May 17 (Bloomberg) -- Kesa Electricals Plc, the owner of the Darty electronics chain, said French revenue slumped in the final quarter of the fiscal year as consumers bought fewer televisions after a switchover to digital reception last year.
Sales at Darty’s French stores open at least a year fell 10 percent from Jan. 9 through April 30, Kesa said today in a statement, leading a 5.9 percent decline across the group. Annual profit will be at the “mid-point” of investor expectations, the London-based company also said.
Kesa fell as much as 8.8 percent in London trading, the steepest drop since Jan. 19. Television sales fell by more than 30 percent at Darty France as the benefit of last year’s digital switchover wasn’t repeated, Chief Executive Officer Thierry Falque-Pierrotin said. The French decline was a “one-off,” he said, adding that new President Francois Hollande may help consumer sentiment with an increase to the minimum wage and opposition to an increase in the value-added tax rate.
“Kesa is a pure play on the European consumer, and France in particular,” Freddie George, an analyst at Seymour Pierce in London, said in a note. “Unfortunately, the European financial crisis and the implementation of austerity measures across its markets means consumer demand is likely to remain weak.”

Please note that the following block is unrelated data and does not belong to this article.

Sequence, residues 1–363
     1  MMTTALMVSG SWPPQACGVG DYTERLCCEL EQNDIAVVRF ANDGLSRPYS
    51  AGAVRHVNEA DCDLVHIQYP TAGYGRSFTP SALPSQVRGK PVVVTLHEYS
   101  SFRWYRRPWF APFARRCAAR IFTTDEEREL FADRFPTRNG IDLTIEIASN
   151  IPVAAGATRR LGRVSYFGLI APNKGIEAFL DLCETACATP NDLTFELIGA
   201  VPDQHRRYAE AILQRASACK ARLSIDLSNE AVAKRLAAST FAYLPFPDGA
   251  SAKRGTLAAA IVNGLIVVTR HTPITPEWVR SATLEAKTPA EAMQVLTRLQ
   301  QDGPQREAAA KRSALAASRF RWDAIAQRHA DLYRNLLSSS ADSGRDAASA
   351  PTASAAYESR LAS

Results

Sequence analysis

Kesa shares were down 7.5 percent at 50.05 pence as of 8:45 a.m. in London, the steepest drop in the FTSE 350 Index. That extended their decline in the past year to 67 percent.
The 5.9 percent slide in group same-store sales missed the average estimate of five analysts for a 5.3 percent fall, and was worse than the prior quarter’s 1.3 percent decline.
Kesa, which in February sold the unprofitable U.K. chain Comet, expects full-year adjusted pretax profit to be at the mid-point of a range of estimates spanning 53 million euros ($67 million) to 64 million euros, Finance Director Dominic Platt said on a call with journalists. The retailer made 93.2 million euros on that basis in the prior year.
Kesa is outperforming the market in terms of sales in both Italy and Spain, Falque-Pierrotin said, though he conceded that the company needs to reduce losses in both countries. When asked if he would consider exiting the Italian market, the CEO said he’s focusing on premium locations in the country and will provide an update on his plans in June.
Across France, sales of white-goods such as washing machines and multimedia products including Apple Inc. iPads increased, he said, though all markets are “very competitive.”
The gross profit margin weakened by about 1 percentage point in the fourth quarter compared with the same period a year earlier, which Kesa said reflected competitive market conditions and a shift in the mix of products sold.
“Gross margin trends across the group are weak,” said Philip Dorgan, an analyst at Panmure Gordon. He has a sell rating and cut his price target to 50 pence from 70 pence today.
Kesa announced earlier this month that more tie-ups could be on the agenda after it agreed to sell 99.9 percent of its telecommunications unit to Bouygues SA, France’s third-largest mobile-phone operator, for 40 million euros.
To contact the reporter on this story: Sarah Shannon in London at firstname.lastname@example.org.
To contact the editor responsible for this story: Sara Marley at email@example.com